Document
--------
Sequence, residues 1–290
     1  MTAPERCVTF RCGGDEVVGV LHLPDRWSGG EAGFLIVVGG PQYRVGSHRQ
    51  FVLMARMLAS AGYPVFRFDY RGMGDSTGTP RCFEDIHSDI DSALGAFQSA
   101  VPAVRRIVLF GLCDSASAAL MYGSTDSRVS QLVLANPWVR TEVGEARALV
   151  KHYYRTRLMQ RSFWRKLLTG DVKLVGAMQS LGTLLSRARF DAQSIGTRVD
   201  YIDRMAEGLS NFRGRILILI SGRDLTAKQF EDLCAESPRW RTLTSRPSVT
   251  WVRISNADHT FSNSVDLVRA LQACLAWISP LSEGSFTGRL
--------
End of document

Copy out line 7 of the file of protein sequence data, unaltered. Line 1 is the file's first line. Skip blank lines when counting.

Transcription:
   251  WVRISNADHT FSNSVDLVRA LQACLAWISP LSEGSFTGRL